Water Wars Go Underground

by Sharon Guynup, Blue Ridge (WV) Press, May 2009

Hiking in Maine’s Vernon Walker Wildlife Preserve in 2006, Ann Wentworth stumbled upon one of 16 test wells dug there without public knowledge by the Nestle Corporation. She alerted the two adjoining rural communities, Newfield and Shapleigh, where residents were inflamed by the company’s plans to pump away large quantities of local groundwater, bottling and selling it under the Poland Spring brand and other labels.

In March 2009, the towns blocked Nestle, passing ordinances granting citizens the right to protect their groundwater resources and prohibiting corporate water extraction. That same month, however, citizens in nearby Fryeburg, Maine lost a four-year fight against a Poland Spring pumping station that now will ship 50 truckloads of groundwater daily from their small, rural community.

Welcome to the groundwater wars, once fought only in the arid West. Today, water shortages are occurring nationwide. Even in traditionally water-rich regions, wells are running dry, under increasing pressure from surging population, sprawling suburbs, and demands from agribusiness, water bottling companies, mining operations, golf courses, and other water-intensive industries. Add recent record droughts brought by changing climate and we have a crisis in the making.

Across our blue planet, we are realizing that freshwater is finite. A recent World Economic Forum report warned that in 20 years, our civilization could face “water bankruptcy,” severe global shortfalls of freshwater that could crash food production — like that currently happening in Australia.

In the U.S, the Department of Agriculture reports that water tables in parts of Texas, Oklahoma and Kansas — three leading grain-producing states — have dropped by 100 feet. Meanwhile, the rocketing popularity of bottled water (Americans now drink more than 29 gallons per person, per year) has led to water shortages near bottling plants in Texas, Florida, and the Great Lakes region, said Harvard Law School’s Joyce Ahn.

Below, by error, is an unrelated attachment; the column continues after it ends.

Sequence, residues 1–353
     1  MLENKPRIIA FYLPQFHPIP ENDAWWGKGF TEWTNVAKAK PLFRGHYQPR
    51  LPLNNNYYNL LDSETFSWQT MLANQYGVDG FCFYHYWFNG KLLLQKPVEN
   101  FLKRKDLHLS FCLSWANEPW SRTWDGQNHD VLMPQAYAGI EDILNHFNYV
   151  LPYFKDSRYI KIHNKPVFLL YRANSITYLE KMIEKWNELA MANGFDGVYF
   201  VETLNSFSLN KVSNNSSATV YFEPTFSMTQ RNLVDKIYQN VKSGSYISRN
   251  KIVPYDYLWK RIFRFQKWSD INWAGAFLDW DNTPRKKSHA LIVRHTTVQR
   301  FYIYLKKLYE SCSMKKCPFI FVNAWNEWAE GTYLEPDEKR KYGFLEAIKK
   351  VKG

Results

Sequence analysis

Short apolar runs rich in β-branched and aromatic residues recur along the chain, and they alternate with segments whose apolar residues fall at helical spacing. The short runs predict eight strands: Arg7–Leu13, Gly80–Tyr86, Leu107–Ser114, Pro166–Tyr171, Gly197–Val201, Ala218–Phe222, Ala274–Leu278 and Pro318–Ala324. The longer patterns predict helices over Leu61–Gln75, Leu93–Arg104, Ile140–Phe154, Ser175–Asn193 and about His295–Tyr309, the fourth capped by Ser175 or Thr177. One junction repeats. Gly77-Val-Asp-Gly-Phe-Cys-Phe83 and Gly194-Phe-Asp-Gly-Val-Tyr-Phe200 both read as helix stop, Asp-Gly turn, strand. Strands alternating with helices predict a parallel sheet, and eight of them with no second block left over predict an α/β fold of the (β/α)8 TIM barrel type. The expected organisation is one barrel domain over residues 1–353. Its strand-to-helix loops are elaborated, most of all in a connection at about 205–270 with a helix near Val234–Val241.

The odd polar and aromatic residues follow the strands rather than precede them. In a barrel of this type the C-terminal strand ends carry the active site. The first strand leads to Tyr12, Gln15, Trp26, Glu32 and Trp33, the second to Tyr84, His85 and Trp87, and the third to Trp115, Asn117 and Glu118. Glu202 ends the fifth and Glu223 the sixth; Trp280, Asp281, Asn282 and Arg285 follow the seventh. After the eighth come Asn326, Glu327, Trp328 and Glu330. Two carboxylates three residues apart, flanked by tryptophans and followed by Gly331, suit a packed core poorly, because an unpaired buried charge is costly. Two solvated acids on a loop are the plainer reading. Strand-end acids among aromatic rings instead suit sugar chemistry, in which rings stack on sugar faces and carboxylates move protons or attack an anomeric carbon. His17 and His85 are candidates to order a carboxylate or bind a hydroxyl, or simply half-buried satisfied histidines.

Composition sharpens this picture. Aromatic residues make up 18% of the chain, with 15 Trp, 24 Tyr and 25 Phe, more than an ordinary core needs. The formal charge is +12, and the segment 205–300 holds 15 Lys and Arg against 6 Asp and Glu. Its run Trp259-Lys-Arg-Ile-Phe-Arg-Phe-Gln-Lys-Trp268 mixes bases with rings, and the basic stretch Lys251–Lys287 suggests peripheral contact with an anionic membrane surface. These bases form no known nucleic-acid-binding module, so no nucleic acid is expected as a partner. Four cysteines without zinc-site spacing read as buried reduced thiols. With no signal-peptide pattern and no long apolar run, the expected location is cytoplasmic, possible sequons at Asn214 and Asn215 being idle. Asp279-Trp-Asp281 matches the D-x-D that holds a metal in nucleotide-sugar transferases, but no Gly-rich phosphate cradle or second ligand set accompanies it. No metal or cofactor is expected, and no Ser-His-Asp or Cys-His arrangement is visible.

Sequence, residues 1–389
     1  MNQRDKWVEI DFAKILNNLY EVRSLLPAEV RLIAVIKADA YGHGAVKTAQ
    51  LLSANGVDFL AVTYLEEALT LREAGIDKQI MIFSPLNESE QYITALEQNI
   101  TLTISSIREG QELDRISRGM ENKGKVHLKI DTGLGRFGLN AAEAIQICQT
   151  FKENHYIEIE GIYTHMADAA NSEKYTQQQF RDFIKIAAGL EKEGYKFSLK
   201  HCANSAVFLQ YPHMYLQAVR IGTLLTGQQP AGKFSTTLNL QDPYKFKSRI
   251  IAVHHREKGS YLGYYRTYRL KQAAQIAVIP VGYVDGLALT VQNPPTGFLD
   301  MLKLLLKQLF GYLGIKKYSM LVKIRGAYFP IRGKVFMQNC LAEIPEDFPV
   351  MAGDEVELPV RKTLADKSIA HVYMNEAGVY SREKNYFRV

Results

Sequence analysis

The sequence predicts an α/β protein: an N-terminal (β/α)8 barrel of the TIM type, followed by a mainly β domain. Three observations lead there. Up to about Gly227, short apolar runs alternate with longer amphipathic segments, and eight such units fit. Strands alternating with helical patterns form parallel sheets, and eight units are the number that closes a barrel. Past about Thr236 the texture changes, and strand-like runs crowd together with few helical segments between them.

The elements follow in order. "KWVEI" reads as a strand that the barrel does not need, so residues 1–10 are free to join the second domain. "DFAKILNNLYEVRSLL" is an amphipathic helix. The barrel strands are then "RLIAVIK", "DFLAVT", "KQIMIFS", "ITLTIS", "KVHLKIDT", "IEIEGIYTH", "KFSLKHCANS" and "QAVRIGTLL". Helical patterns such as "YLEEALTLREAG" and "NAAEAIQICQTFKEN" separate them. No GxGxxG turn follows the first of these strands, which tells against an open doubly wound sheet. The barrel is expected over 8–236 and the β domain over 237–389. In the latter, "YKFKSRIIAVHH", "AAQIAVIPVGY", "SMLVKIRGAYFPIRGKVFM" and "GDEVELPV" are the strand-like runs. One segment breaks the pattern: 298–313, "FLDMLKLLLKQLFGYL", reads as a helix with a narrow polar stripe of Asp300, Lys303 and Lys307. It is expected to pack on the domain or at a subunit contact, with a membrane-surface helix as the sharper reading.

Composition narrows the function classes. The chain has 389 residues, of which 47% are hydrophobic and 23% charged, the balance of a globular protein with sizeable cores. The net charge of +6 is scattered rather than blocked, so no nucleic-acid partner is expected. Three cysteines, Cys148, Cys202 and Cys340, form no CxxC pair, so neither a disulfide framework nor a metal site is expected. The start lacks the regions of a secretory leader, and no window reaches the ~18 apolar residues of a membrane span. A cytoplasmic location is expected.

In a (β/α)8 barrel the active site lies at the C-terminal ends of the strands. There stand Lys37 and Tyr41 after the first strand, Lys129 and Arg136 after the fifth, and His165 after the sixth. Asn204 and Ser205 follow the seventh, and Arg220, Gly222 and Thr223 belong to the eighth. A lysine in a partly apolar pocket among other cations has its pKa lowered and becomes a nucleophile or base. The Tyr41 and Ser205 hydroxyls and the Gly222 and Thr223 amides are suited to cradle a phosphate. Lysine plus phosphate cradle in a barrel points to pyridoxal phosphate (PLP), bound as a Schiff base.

In the past half-century, we’ve tripled the amount of water siphoned from the world’s rivers, lakes and aquifers. Much never returns to local watersheds, as it is bottled, piped, or trucked to far-off cities or regions, says a United Nations report. Maude Barlow, U.N. senior advisor on water, pinpoints the big questions: Who decides who owns a community’s water? Is it a private commodity to be bought and sold? Or is water a basic human right, belonging to all citizens, the ecosystem, and the future?

Most surface waters have been managed for centuries under the Public Trust Doctrine, a legal precedent forged in 530 AD by the Roman Emperor Justinian — and codified in U.S. state statutes. The Doctrine says that most surface waters belong equally to all citizens, and that it is government’s role as trustee to manage the resource for the public good. Historically, the Doctrine hasn’t protected groundwater, though 60 percent of U.S. freshwater comes from underground. Now with 36 states anticipating water shortages by 2013, there is a growing urgency to protect groundwater, and some, like Vermont, are doing so through the Doctrine.

Five New England states now require permits to withdraw large quantities of groundwater for commerce, industry or public water use. In Michigan, similar permits are issued only if the activity won’t impact surface water levels or fish populations. The Great Lakes Basin Compact, an alliance of lake-bordering U.S. states and Canadian provinces, regulates all surface and groundwater, blocking its removal from the watershed.

Under Vermont’s law, scientific evaluations of water resources determine what uses are in the public interest. Protecting the resource comes first, not development or business. Permits, issued on a temporary basis, can be withdrawn if they cause adverse affects.

Vermont lawyers were key advisors to Shapleigh residents, helping craft their ordinance with specifics that couldn’t be reversed by the courts. Their law, for instance, strips corporations of “personhood” status, an 1886 legal designation often used by companies to challenge environmental restrictions. As groundwater worries worsen, more states will need to adopt similar legislation. Citizens must have an equal place at the table with corporate interests, protecting against excessive “water mining” that could negatively impact generations to come. But with a booming, $500 billion global water industry, and investors calling water “the new oil” and “blue gold,” government will be increasingly challenged to balance corporate demands against drinking water and ecosystem needs.

Most policy makers agree that we can’t sustain current U.S. levels of use (and waste). We need a long-term, sustainable approach for the allocation, use and conservation of groundwater, based on scientific criteria. Now, in our rush to rebuild the economy, we mustn’t lose sight of the need for careful resource management. And we need to extend Public Trust Doctrine protection to U.S. groundwater, or it will be overexploited.

As Shapleigh, Maine activist Shelly Gobeille said, “Many states have water issues. Why should we sell our water to a multi-billion dollar company when our neighbors might need it down the road?”

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Sharon Guynup’s writing has been published by The New York Times Syndicate, Popular Science, The Boston Globe, nationalgeographic.com, and other publications.